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Mapping out hot pixels

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  • Mapping out hot pixels

    Like all digital cameras mine suffers from hot pixels at long exposures: the longer the exposure, the greater the number of hot pixels. I'm wondering how I can 'map' these out using a masking technique perhaps?
    Taking an example. If I want to capture a picture of star trails I would typically take an exposure of around 45 mins to an hour. Obviously with a DC that's not possible - too many hot pixels and I'm not sure what effect that would have on the CCD. I could instead, with a great deal of patience and time, take multiple shorter exposures of, say 15 secs. All these exposures would suffer from hot pixels that need to be removed and cloning them out is a real pain in the proverbial.
    So I stack each exposure into layers in one image, using Lighten blend mode to merge them together? This would give me a final trails image but will still leave the hot pixels.
    I'm thinking that if I took a dark frame (capped exposure) for the same length of time (15 secs), dropped the black leaving just the hot pixels (and thus a mask) I could then apply a difference blend: in theory, the hot pixels on the image layer would be exactly the same as the mask and appear as black. This would work if 1) each same length exposure produced the same hot pixels of the same RGB value 2) the resulting black spots really did merge into the background of the desired picture and I'm not left with the same problem as originally, except now I just have black spots to remove.

    My camera only suffers from hot pixels, not stuck pixels.

    Any thoughts or ideas? (I also asked the question on the DPreview forum as well so I will cross-post any useful information)



  • #2
    please post an example.


    • #3
      Here we go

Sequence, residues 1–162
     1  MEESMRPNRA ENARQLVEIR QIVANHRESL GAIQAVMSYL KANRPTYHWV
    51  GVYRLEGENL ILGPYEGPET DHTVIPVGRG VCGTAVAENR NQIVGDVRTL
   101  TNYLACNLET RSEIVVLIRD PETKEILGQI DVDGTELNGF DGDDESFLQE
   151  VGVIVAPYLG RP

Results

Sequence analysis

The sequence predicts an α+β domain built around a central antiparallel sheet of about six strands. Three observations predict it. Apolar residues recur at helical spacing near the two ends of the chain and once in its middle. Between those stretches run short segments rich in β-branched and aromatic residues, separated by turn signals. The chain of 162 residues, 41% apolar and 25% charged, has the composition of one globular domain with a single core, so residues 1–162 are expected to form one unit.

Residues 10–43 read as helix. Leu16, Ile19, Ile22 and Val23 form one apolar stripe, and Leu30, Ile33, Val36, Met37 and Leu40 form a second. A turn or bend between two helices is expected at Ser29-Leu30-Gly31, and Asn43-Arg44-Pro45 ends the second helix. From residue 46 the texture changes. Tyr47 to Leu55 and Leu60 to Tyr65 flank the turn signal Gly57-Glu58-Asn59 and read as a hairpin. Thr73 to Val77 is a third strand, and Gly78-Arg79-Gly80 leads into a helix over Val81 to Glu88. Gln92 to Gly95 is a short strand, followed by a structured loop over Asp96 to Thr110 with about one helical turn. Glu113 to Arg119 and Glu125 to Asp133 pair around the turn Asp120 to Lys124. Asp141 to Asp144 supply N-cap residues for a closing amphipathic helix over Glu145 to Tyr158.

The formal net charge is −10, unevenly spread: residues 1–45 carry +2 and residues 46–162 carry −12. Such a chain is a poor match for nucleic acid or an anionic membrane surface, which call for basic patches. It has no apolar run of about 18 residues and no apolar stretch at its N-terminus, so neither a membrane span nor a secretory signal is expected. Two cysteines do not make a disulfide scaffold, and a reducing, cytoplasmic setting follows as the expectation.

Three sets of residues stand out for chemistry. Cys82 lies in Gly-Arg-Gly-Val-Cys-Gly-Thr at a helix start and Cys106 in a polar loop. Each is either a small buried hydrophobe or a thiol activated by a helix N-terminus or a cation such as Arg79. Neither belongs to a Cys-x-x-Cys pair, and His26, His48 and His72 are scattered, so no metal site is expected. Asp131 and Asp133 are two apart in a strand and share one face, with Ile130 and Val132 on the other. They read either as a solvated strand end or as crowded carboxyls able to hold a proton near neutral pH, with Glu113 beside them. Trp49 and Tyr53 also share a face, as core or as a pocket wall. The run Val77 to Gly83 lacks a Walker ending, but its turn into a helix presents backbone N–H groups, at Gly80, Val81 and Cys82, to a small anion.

This is a black frame exposure of 30seconds. It's of the poorest quality jpeg that the camera is capable of but for examples sake it doesn't matter: it's the same/worse with better quality.

      The hot pixels are readily apparent. in fact, the longer you look the more you see. These hot pixels appear in all long exposure images. The longer the exposure, the more hot pixels. Note that some are brighter than others - the pixels get 'hotter' over time. In this picture, the brightest have been hot for quite a few seconds whilst the dimmest have only just got started!
      Attached Files


      • #4
        Anyone have any ideas about masking these out? Please!


        • #5
          It's kind of complicated, but since the pixels will always be in exactly the same place on a full-frame image, why not just run a threshold adjustment on your black frame image, invert, copy and paste over any other photo from the same CCD, and set blending mode to darken? This will force all those hot pixels to black.
          Learn by teaching
          Take responsibility for learning


          • #6
            But isn't this the same problem as before except with black pixels instead of coloured pixels? A better situation if the original image is of the night sky I admit, but if the background isn't black/very dark then the black pixels are going to stand out.

            Actually, just discussing it makes me think that it's not actually possible! Whatever I do I cannot 'merge' the hot pixels into an average of the background colour so they effectively disappear. Then again, I can't believe that noone in all this time hasn't worked out how to take long exposures with a DC and fix up the image afterwards...

            What about using the powertools to drop the black, then select the remaining coloured pixels, grow the selection by 2-3 pixels and use this as a selection mask on the original image to create a new layer, gaussian blur this layer to average out the differences?



            • #7
              I have been told (though never tried) that what you need to do is put the camera on manual, leave the lens cap on, set the exposure to the same settings you used for taking the photo, then take another photo. This should be black plus hot pixels/noise. then you just subtract the hot pixels/noise from your original photo et voila!

              As I said, I've not tried it myself, but I know people who swear by it...


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